With almost 356,000 unemployed teachers applying for the 14,000 positions announced by the Teachers Service Commission (TSC) last month, the country’s unemployment crisis has once again resurfaced.
The large number of candidates sets the stage for a competitive recruitment process that will leave hundreds of thousands frustrated by their inability to secure employment. Despite a severe teacher shortage in public primary and secondary schools, this is the reality.
A TSC recruitment roadmap states that the online application period ended on July 7 and that the shortlisted applicants would thereafter be made public on the TSC website. This is expected to be finished this week at any time.
It is official that for each of the advertised positions, only the top five candidates will be shortlisted, in a departure from the past when long merit lists would be developed although only a few stood a chance of getting the job.
TSC CEO Dr Macharia has revealed that the merit lists that will be generated during the exercise will be used in subsequent recruitment within the financial year.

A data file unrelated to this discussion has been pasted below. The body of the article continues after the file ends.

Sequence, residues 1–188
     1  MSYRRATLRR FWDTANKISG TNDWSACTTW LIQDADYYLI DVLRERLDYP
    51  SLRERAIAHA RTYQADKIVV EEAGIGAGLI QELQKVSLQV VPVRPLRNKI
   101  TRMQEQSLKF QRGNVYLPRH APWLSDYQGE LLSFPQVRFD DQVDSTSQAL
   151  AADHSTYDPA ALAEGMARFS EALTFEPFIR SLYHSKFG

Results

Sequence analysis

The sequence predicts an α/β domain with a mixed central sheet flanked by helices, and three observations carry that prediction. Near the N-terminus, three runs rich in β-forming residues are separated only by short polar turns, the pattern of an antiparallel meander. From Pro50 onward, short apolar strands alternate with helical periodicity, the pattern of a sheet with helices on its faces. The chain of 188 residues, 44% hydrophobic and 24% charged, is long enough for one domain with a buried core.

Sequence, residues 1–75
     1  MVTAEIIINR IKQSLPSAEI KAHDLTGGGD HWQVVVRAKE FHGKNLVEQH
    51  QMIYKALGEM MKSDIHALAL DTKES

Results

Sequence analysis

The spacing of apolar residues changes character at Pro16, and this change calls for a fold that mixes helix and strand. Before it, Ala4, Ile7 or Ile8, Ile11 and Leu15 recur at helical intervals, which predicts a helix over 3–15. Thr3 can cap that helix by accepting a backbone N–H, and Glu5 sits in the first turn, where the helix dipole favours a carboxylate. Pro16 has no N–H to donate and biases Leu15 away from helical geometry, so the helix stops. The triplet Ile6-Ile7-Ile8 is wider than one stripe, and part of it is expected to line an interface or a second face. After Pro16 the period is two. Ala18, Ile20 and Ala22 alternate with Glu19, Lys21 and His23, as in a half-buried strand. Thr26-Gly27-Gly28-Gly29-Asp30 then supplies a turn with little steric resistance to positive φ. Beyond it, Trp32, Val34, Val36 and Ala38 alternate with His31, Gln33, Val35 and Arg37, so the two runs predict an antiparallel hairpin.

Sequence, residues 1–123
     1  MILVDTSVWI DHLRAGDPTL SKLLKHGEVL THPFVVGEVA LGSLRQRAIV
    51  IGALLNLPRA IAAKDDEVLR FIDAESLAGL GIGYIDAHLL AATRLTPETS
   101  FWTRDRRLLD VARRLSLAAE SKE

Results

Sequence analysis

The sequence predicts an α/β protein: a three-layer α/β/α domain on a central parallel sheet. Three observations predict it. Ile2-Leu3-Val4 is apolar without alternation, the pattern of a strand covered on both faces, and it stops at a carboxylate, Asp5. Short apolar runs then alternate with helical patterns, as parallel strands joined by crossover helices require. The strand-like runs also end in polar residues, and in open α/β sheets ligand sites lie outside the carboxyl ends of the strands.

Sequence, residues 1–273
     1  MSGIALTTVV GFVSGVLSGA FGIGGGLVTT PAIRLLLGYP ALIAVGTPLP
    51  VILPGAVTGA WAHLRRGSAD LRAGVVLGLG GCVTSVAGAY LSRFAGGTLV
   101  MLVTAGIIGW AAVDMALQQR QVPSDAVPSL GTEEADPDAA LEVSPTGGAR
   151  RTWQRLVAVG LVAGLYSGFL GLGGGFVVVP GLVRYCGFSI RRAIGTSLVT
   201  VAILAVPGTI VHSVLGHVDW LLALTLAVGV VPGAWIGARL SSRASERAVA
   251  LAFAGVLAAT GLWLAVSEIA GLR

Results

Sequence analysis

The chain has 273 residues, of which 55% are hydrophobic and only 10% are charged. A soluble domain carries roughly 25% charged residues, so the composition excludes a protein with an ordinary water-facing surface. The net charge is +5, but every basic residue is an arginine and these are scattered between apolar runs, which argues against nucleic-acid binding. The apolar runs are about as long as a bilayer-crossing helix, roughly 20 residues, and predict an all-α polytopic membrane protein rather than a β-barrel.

“However, some areas like in the Asal [arid and semi arid lands] zones might have fewer applicants,” a source said. TSC intends to complete the selection process and handling of complaints in the next two weeks before the successful candidates report to schools on September 1 2022.
With 219,311 teachers expressing interest in the 4,000 new openings, post-primary teaching vacancies drew the most candidates. The commission received 136,833 applications for the 1,000 new primary school teacher vacancies that were posted. Shortlisted applicants will be recruited at the county level before being posted to their schools.
In addition, TSC has advertised 8,230 job openings to replace teachers who left the profession due to natural attrition. 327,882 applications were received for the openings, which are split between primary schools (6,539 of them) and post-primary institutions (1,691). TSC used affirmative action to advertise for posts in Mandera, Garissa, and Wajir counties, which are severely understaffed. Due to the recent increase in insecurity, which frequently targets outsiders, teachers from other regions have refrained from being sent to the region.
TSC intends to deploy 1,230 teachers in the region on both permanent and pensionable and contractual basis. Applicants who have expressed interest in the jobs are 21,194.
“To qualify for recruitment, a candidate must be teaching under board of management in Garissa, Mandera or Wajir counties, if not hailing from the three counties,” said Dr Nancy Macharia, the TSC chief executive, when declaring the vacancies. This is to encourage teachers from the region to apply for the jobs.